Nature does nothing uselessly. — Aristotle
Barrier islands in the United States are typically backed by marshland. The marshes have their own magic and sometimes standing on the edge and looking out over the wide stretch of grass and calm, shallow water is as mesmerizing as staring at the sea. Unfortunately, mosquitoes love it just as much as we do. Much of the year, mosquitoes breed in manageable numbers in the marsh because these the tidal flats the constant influx of salt water discourages their activity. A little rain will trigger a breeding episode but not too extensively. A lot of rain, on the other hand…
Recently we had been in what amounted to a short drought and there was nary a mosquito to be found on the island all summer. It was lovely and hot and dry and we were okay with that even if the grass was browning and a burn ban was in effect. True, a little rain would have been nice to ease the heat. True, the sea was bathwater warm and primed for hurricanes. Still, the lack of mosquitoes made for a decent trade-off.
My husband and I set up to have family and friends visit for the middle of September. Normally this was a good time of year, still plenty warm to swim and often partly cloudy so you don’t keel over from baking in the sun.
As you might guess by the tone of the first three paragraphs, we had two straight weeks of rain before the gathering. The daily rains, some of them hours-long downpours, created freshwater ponding throughout the village and flushed the salt from the marshes enough to make the mosquitoes extremely fecund. The swarms grew out of control and with rain every day, aerial spraying became impossible.
Everyone who lives here, and in most of the Southeast Texas area, walked around saturated in “swamp cologne” (insect repellent) of one kind or another and the guy you saw walking down the road talking to himself and slapping himself was completely sane. Around here, it’s called “the Surfside dance.”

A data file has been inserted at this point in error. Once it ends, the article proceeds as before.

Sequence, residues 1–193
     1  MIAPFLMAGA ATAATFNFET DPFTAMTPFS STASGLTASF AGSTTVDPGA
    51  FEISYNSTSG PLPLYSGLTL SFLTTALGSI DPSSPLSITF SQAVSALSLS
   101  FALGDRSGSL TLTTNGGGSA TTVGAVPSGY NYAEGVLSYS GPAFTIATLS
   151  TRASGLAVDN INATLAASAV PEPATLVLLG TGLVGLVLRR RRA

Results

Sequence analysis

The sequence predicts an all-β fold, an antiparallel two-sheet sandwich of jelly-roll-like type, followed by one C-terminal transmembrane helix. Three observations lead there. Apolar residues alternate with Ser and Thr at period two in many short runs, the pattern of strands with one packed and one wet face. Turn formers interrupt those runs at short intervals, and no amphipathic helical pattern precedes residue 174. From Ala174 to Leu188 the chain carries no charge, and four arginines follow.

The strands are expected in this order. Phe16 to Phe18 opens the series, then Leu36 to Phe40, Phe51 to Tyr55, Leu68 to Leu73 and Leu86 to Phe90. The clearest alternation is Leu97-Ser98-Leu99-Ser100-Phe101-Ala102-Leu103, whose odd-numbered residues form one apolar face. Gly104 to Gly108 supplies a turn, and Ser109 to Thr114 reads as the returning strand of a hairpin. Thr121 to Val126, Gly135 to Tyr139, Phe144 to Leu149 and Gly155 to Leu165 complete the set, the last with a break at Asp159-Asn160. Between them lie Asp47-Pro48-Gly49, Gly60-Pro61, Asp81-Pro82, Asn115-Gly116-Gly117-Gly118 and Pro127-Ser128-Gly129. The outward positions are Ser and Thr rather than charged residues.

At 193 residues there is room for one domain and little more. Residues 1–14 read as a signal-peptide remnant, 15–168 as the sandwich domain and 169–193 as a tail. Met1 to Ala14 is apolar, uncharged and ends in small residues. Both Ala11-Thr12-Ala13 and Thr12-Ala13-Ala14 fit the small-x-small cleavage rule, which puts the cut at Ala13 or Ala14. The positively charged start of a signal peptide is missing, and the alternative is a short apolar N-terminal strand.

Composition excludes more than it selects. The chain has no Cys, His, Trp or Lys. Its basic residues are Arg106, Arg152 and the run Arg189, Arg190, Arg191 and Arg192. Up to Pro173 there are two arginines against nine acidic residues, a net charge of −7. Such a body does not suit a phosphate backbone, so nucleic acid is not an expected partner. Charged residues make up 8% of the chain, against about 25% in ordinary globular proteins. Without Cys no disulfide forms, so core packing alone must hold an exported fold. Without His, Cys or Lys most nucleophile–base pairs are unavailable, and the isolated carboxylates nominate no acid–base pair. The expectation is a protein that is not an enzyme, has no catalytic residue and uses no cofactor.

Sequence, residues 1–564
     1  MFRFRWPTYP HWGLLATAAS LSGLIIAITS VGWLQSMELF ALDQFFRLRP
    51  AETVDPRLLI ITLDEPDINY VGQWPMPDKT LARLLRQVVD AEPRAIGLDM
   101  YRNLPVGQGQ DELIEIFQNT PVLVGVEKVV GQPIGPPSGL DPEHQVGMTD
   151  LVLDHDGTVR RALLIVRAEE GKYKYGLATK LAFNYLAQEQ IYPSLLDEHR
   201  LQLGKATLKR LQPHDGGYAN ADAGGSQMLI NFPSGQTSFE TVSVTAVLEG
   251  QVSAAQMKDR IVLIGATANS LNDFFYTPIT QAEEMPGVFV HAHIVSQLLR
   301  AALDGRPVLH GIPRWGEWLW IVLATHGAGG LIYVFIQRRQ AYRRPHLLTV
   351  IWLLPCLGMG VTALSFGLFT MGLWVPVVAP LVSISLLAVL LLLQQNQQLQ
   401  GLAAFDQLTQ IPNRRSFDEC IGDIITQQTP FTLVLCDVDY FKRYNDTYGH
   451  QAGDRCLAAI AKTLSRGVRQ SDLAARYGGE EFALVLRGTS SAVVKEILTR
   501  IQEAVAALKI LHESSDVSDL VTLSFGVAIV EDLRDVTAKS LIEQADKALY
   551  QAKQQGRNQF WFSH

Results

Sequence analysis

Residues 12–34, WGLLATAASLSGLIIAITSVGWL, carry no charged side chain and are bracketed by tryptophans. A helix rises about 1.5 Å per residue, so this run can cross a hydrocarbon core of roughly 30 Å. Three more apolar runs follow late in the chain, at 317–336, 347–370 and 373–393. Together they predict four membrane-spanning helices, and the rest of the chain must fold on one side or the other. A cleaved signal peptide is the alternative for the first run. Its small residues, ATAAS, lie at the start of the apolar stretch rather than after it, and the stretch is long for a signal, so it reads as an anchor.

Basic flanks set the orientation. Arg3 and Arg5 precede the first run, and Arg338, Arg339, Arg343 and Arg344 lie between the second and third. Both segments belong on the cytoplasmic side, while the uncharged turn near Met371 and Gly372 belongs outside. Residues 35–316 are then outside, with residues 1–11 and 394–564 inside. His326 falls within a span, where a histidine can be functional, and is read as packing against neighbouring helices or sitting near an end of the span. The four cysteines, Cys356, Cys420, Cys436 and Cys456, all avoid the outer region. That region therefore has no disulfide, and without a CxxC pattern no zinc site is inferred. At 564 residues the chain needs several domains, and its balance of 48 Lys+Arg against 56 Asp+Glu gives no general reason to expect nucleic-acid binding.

Look on social media and you will find a variety of all-natural recipes for fending off the blighters. I tried three “natural” formulas for protecting my dog. One was the equivalent of mosquito bait as far as I could tell and poor Big Dog carried twenty to thirty mosquitoes back upstairs with him while I frantically slapped his legs and belly. The look of betrayal in his tired, old eyes will never leave me. Another formula managed to slow the biting down for a day or so, then the mosquitoes apparently had a conference and decided that whatever that pine scented stuff was, certainly it wasn’t harmful. They went back on the attack. To BD’s dismay, I returned to chemical warfare, using a biting fly repellent made for horses, cows, and dogs. BD hates it. I hate using it. But, the mosquitoes hate it, as well. At least now I have less fear that my poor, old dog isn’t going to get some horrid disease because of the swarm.
The visit from family and friends went off well enough. That Saturday was blessedly blustery, blowing many of the pests inland. Sunday was dead calm between squalls and we all got our workouts just dashing back and forth from the beach to the house or to and from our cars either avoiding mosquitoes or rain.
Two weeks later it was still raining daily and my husband and I discussed whose arm we would use in determining the length of a cubit. Also, with gopher wood being not-so readily available, what was our best alternative? We ruled out inviting mosquitoes on the boat. Bats and dragonflies are welcome.
After nearly a month of misery, a strange yellow orb finally appeared in the morning sky.
The mosquito/toad hatchery has begun drying up. As the sun warms the dunes, the camphor weed breathes its tangy scent into the breeze and brings to mind childhood days of healing balms and parental love. Bees are zipping among late flowers and birds are snapping up the remaining tadpoles in the shrinking ponds. Miserable though the rain may have been in some respects, there is bounty in it for others. As with all things nature has to offer, it was neither good nor evil, it simply “was” and will be again.